We recommend paying fees relating to registered accounts with non-registered funds up until five years before you begin withdrawals.  If you plan on converting your RRSP to a RRIF at age 70 then you should stop paying fees with non-registered funds at age 65.

Compare this to what Mr and Mrs Brown are currently doing.  Annual fees of $11,500 that they are paying are embedded in their mutual funds and reducing the market value.  They are not able to deduct the MER annually.

When they sell these funds they will effectively get credit for tax purposes for one-half of the MER paid.  The accumulation of MER will either reduce their capital gain or increase a capital loss.

Fee based accounts allow investors to speed up a deduction by allowing the investment council fees to be claimed in the year paid rather then in the year the investment is sold.  In addition, investors are able to claim 100 per cent of the fee, rather than just one-half in the future.

Prior to doing any selling of mutual funds we need to do a couple of additional steps for the Browns.  First, we need to obtain complete details of each mutual fund holding and whether any deferred sales charges (DSC) may apply for selling.

We would also like to get a complete picture of their adjusted cost base and up to date market values of each holding, along with their historical tax gain (loss) carry over information.  This information will enable us to map out the transition from mutual funds (transactional account) to individual equities (fee-based account).  This assists us in transitioning an account over time factoring in both redemption charges, if applicable, and income taxes.

The timing of fees is important to discuss.  With our fee-based program, fees are not billed in advance.  They are billed one quarter of one per cent after each quarter, prorated if an account is opened part way through a quarter.  The following is an example of how the fees are billed assuming a deposit of $500,000 on July 1.  No fees are charges in July, August, or September.  On October 15th a fee of $1,250 would be charged to the account assuming no change in the total market value of the account.  This is calculated by multiplying the market value times one per cent times one quarter.  If the market value increases so does your quarterly fee.  As the market value of your investment account changes, so will your fees.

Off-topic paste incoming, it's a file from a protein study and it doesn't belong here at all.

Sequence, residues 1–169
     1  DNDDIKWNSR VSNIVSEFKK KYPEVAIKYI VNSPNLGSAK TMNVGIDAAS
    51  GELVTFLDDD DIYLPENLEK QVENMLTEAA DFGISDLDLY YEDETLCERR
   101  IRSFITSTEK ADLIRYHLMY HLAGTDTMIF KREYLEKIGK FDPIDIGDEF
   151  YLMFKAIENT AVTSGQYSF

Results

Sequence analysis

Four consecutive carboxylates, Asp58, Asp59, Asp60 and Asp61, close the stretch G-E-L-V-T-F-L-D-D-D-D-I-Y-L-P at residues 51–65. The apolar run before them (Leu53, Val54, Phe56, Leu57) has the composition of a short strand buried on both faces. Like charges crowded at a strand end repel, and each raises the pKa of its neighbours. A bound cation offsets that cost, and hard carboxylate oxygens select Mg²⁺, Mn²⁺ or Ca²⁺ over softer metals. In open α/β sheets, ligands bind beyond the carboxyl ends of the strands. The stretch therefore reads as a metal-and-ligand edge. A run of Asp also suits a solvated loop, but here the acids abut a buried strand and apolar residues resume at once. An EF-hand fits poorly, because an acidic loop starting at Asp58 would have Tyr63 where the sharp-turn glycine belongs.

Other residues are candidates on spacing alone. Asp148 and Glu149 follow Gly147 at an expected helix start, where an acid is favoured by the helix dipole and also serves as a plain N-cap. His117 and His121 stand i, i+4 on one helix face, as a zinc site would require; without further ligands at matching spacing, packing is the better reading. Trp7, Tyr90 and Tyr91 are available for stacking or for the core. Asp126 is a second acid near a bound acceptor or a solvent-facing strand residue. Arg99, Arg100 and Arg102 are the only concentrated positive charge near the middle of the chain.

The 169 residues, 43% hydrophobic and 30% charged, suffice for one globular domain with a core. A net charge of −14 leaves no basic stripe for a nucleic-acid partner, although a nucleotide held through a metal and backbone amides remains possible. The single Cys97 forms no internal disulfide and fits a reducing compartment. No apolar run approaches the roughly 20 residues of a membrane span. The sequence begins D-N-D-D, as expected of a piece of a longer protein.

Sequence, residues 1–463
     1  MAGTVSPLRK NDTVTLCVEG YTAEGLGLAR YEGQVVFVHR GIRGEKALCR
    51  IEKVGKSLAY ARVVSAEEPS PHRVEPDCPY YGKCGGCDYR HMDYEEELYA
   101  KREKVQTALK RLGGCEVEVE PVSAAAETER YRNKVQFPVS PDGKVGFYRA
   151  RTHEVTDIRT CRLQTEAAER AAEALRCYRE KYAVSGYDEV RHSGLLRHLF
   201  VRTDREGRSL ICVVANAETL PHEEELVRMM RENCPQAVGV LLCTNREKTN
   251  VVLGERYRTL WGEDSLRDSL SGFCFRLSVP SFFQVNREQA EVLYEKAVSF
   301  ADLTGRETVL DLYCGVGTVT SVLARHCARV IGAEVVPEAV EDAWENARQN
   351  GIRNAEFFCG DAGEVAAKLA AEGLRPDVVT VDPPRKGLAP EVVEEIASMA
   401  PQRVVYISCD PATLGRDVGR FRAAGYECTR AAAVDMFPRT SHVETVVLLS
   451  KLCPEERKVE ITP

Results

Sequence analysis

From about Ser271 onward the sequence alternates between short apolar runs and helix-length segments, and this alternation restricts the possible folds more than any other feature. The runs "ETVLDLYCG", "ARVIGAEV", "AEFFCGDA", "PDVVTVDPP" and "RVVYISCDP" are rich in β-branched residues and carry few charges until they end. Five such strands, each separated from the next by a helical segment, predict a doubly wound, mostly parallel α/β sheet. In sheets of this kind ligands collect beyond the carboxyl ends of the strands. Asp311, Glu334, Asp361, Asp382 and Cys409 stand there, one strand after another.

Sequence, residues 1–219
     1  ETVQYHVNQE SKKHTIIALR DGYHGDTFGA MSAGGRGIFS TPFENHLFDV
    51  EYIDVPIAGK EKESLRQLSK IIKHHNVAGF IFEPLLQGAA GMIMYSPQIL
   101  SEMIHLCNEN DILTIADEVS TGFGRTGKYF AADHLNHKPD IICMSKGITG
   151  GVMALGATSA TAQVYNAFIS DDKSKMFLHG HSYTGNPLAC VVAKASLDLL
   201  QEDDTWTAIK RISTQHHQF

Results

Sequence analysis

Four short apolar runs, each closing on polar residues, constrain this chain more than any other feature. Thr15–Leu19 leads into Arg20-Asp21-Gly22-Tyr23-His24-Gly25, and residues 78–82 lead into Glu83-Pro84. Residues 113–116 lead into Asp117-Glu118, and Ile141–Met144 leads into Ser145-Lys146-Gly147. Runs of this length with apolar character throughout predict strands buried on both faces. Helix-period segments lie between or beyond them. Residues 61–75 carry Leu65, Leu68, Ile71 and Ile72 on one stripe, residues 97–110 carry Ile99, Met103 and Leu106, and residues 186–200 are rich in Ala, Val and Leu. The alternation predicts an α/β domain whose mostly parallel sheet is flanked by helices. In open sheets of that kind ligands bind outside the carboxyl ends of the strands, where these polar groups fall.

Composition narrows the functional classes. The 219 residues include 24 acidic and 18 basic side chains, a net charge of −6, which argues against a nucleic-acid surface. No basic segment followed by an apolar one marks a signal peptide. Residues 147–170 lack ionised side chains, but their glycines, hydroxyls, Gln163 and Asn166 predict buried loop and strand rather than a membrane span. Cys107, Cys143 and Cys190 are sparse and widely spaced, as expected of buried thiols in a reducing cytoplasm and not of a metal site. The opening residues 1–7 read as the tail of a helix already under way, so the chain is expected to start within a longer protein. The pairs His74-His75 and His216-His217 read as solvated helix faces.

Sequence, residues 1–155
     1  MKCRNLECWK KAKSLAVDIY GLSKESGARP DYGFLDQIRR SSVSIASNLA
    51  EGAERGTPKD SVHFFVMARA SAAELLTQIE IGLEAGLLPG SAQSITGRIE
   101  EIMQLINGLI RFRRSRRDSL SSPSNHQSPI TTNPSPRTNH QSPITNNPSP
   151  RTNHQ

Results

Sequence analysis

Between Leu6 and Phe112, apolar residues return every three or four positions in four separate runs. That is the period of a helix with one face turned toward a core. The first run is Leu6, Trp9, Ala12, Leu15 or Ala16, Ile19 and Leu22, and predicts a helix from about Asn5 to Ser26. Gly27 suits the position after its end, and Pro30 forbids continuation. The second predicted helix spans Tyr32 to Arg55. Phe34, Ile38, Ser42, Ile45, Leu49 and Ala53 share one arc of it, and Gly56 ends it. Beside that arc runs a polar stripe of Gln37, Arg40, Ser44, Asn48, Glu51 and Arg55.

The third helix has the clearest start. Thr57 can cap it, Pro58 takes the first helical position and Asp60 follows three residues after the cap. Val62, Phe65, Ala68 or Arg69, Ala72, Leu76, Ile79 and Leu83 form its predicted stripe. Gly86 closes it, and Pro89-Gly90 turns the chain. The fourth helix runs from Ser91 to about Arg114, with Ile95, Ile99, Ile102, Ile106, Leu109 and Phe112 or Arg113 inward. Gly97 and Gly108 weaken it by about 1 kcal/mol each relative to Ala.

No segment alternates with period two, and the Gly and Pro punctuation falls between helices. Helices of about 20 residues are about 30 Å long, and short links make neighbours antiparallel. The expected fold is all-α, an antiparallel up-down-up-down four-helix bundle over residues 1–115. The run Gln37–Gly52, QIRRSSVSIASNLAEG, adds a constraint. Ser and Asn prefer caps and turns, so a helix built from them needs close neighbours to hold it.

Individuals who have net capital losses from other years may find fee-based accounts particularly attractive.  By stripping out all commissions and fees you are more likely to realize a capital gain to apply against your losses.

Typically, these types of accounts come with a minimum annual fee, such as $1,500.  As a result, this type of account is suitable for investors with $150,000 or greater at one financial institution.  One of the many downsides to spreading your investment accounts amongst several institutions is that it reduces the number of account options available to you; this may increase your overall cost of investing.